Use the CSV in-memory read cache

Applies to: Azure Stack HCI, versions 22H2 and 21H2; Windows Server 2022, Windows Server 2019, Windows Server 2016

This topic describes how to use system memory to boost the performance of Azure Stack HCI and Windows Server by caching frequent reads. Writes cannot be cached in memory.

Azure Stack HCI and Windows Server are compatible with the Cluster Shared Volume (CSV) in-memory read cache. Using system memory to cache reads can improve performance for applications like Hyper-V, which uses unbuffered I/O to access VHD or VHDX files. (Unbuffered I/Os are any operations that are not cached by the Windows Cache Manager.)

Because the in-memory cache is server-local, it improves data locality. Recent reads are cached in memory on the same host where the virtual machine (VM) is running, reducing how often reads go over the network. This results in lower latency and better storage performance.

Note that the CSV in-memory read cache is different from the storage pool cache.

Planning considerations

The in-memory read cache is most effective for read-intensive workloads, such as Virtual Desktop Infrastructure (VDI). Conversely, if the workload is extremely write-intensive, the cache may introduce more overhead than value and should be disabled.

You can use up to 80% of total physical memory for the CSV in-memory read cache. Be careful to leave enough memory for your VMs!


Certain microbenchmarking tools like DISKSPD and VM Fleet may produce worse results with the CSV in-memory read cache enabled than without it. By default VM Fleet creates one 10 GiB VHDX per VM – approximately 1 TiB total for 100 VMs – and then performs uniformly random reads and writes to them. Unlike real workloads, the reads don't follow any predictable or repetitive pattern, so the in-memory cache is not effective and just incurs overhead.

Configuring the in-memory read cache

The CSV in-memory read cache is available in Azure Stack HCI, Windows Server 2019, and Windows Server 2016 with the same functionality. In Azure Stack HCI and Windows Server 2019, it's on by default with 1 gibibyte (GiB) allocated. In Windows Server 2016, it's off by default.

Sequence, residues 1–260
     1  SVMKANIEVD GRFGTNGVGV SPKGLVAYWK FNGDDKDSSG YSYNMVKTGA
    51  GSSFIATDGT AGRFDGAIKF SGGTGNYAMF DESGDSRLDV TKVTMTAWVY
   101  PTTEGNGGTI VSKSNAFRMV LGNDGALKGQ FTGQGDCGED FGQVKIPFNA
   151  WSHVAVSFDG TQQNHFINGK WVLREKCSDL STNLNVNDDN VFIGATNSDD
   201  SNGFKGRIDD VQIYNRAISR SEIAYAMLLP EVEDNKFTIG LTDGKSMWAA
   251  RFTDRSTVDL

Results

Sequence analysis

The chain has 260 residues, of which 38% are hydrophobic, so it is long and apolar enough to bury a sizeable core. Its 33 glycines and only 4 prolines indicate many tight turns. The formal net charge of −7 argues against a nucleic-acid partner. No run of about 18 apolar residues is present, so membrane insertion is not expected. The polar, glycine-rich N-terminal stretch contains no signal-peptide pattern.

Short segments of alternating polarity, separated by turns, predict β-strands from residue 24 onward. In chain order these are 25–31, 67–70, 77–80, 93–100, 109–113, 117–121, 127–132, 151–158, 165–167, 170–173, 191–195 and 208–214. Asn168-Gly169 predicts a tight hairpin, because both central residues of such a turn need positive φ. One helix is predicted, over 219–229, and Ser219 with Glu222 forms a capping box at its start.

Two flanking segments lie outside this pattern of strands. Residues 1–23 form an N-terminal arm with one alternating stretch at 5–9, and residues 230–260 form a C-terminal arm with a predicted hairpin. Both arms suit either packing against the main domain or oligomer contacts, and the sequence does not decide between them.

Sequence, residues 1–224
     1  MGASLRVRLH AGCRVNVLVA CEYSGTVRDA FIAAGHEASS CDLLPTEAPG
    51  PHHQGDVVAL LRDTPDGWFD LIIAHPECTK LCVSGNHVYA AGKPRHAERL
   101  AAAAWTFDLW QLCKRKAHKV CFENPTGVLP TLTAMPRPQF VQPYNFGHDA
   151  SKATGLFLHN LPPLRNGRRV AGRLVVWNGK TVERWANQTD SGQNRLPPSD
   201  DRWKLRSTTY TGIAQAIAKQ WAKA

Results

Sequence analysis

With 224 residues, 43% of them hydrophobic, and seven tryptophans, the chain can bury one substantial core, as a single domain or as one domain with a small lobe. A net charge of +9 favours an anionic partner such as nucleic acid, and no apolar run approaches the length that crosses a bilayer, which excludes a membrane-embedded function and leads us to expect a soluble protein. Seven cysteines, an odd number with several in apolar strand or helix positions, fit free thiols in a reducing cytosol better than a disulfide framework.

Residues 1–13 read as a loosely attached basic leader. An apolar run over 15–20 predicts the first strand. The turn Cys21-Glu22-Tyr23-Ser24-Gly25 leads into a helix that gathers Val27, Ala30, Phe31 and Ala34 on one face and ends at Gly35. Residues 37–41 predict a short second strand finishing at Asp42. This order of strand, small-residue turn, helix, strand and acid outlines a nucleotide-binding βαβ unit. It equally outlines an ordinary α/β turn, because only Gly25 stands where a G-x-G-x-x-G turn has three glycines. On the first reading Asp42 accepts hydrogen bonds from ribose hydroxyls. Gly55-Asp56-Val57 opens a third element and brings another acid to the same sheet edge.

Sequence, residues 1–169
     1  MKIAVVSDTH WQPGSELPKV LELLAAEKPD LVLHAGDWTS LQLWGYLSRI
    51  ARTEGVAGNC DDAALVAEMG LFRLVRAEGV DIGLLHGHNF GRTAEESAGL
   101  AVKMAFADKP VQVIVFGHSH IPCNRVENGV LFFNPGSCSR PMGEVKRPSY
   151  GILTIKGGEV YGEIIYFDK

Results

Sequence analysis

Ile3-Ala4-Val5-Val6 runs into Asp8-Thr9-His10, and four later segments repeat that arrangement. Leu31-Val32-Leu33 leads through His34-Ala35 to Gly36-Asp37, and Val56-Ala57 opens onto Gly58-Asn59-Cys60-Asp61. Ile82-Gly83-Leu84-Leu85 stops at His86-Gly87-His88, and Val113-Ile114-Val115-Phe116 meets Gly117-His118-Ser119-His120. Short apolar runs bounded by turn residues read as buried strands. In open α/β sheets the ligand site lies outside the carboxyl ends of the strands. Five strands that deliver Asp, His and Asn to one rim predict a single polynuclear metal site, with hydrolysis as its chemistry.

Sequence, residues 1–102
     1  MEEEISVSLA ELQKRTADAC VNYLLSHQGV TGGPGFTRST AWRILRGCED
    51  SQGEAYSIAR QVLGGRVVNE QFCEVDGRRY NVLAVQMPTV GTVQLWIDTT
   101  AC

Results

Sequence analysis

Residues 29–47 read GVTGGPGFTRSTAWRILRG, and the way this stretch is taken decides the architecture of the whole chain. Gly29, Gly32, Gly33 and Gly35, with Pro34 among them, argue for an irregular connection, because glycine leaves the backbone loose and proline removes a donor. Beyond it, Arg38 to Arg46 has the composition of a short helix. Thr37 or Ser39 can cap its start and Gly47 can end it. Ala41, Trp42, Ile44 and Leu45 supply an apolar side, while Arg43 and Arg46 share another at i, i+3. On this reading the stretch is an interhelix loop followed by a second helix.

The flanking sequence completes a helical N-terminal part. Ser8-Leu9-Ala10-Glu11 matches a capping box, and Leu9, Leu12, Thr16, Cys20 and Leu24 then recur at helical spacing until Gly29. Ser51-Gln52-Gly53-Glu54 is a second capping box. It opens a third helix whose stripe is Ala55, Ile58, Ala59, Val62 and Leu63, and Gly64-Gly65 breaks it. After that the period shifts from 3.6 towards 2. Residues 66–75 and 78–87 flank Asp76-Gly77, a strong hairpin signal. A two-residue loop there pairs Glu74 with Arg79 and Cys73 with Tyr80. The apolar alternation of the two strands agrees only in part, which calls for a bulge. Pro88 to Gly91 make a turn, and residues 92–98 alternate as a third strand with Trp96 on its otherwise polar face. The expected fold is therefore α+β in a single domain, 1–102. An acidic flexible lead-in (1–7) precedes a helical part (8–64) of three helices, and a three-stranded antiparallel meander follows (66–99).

OS version Default CSV cache size
Azure Stack HCI 1 GiB
Windows Server 2019 1 GiB
Windows Server 2016 0 (disabled)

Configure the cache using Windows Admin Center

To configure the cache using Windows Admin Center, do the following:

  1. In Windows Admin Center, connect to a cluster, and then select Settings from the Tools pane on the left.
  2. Select In-memory cache under Storage on the Settings pane.
  3. In the right pane, a checkbox enables or disables the cache, and you can also specify the maximum memory per server to be allocated to the cache.
  4. When done, select Save.

In Windows Admin Center, a checkbox enables or disables the cache. You can also specify the maximum memory per server to be allocated to the cache.

Configure the cache using PowerShell

To see how much memory is allocated using PowerShell, run the following as administrator:


The value returned is in mebibytes (MiB) per server. For example, 1024 represents 1 GiB.

To change how much memory is allocated, modify this value using PowerShell. For example, to allocate 2 GiB per server, run:

(Get-Cluster).BlockCacheSize = 2048

For changes to take effect immediately, pause and then resume your CSV volumes, or move them between servers. For example, use this PowerShell fragment to move each CSV to another server node and back again:

Get-ClusterSharedVolume | ForEach {
    $Owner = $_.OwnerNode
    $_ | Move-ClusterSharedVolume
    $_ | Move-ClusterSharedVolume -Node $Owner

Next steps

For related information, see also: